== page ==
The first dynasty of a long line of Egyptian kings was established around 5000 years ago by a powerful leader named Menes. The greatest monuments of the world, the Pyramids, were built during this era.

Ancient Egypt maintained trade with Greece, Syria and Crete. Artists, builders, and scribes thrived, leaving Egypt with a rich legacy of art forms. The kings and wealthy families built large tombs in which treasures were entombed with family members when they died. The tombs were elegantly and artistically decorated, frequently with wall drawings and inscriptions. In addition to the rich artistic life of the early Egyptians, scholars wrote about sciences such as astronomy, medicine and mathematics.

By the time Alexander the Great came to power in 331 B.C., Egypt had been ruled by a series of weak kings and was no longer a great power.

The Arabs conquered Egypt in 639 A.D. The majority of native Egyptians converted to Islam and Arabic became widely spoken. During the 18th century, when Egypt was under the rule of the Ottomans, Napoleon invaded Egypt, but was later defeated by the British.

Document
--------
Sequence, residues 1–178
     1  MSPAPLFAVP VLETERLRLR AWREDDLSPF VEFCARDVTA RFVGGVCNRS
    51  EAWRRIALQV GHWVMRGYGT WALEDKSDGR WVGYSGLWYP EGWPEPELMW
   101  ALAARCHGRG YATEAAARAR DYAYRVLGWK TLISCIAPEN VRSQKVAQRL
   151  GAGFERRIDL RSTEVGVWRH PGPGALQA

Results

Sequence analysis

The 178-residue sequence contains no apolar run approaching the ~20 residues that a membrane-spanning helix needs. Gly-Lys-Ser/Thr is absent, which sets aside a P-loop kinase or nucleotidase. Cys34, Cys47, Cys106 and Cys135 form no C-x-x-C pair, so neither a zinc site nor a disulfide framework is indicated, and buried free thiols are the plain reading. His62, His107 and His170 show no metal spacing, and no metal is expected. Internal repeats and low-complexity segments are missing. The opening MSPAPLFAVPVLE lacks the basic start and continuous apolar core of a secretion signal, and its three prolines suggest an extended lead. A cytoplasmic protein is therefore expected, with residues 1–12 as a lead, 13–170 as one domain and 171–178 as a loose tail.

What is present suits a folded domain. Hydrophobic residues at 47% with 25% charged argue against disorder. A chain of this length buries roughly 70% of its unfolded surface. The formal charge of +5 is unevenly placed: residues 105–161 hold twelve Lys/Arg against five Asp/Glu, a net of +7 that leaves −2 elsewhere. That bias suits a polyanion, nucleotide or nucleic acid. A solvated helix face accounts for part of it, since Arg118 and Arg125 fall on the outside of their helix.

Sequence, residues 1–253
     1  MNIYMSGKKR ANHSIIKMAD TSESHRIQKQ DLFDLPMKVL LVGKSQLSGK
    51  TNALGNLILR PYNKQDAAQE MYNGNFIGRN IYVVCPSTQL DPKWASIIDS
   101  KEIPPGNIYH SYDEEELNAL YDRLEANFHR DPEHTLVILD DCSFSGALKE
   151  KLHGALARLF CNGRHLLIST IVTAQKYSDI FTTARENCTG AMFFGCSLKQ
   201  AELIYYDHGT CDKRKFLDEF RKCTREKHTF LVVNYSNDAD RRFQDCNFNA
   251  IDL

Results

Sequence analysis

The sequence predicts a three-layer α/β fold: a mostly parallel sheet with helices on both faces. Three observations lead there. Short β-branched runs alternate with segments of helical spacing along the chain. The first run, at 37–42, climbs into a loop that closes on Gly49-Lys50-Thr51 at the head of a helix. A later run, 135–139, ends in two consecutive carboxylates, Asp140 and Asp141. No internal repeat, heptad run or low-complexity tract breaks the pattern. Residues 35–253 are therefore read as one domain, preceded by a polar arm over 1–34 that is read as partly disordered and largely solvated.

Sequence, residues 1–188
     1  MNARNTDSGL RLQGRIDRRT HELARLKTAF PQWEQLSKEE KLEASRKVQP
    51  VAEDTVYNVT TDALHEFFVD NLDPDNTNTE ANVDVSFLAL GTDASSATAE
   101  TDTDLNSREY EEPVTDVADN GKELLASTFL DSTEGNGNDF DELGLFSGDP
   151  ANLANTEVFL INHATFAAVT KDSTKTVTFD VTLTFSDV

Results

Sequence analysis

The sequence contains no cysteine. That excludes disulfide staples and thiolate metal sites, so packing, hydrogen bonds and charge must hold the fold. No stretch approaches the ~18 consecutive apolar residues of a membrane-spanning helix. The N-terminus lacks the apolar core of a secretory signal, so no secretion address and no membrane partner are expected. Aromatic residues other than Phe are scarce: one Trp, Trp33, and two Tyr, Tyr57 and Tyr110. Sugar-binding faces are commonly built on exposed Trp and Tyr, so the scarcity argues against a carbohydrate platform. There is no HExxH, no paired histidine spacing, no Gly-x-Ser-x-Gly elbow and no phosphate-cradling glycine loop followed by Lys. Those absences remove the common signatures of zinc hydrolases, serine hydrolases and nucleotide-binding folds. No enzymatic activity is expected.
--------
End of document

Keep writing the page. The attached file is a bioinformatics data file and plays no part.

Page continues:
With the opening of the Suez Canal in 1869, the British slowly took control from the Turks. By the end of the 19th century Egypt became a British Protectorate. After World War I, Egypt declared independence, but remained a monarchy.

In 1952, a group of army officers exiled King Farouk and seized power in a bloodless revolution. The country became a Republic. One of those officers, Gamal Abdul Nasser, democratized Egypt and introduced major reforms. President Anwar Sadat, who succeeded Nasser, adopted a liberal, open-door policy with Israel, but for this reason was assassinated in 1981. He was succeeded by President Hosni Mubarak.

Did you know?

Tutankhamen was only 10 years old when he became pharaoh. When he died at 18, gold jewelry, statues, thrones, beds and a golden face mask were buried with him. Unlike the majority of other pharaohs, tomb robbers never uncovered his tomb. Archeologists unearthed it in the 1920s.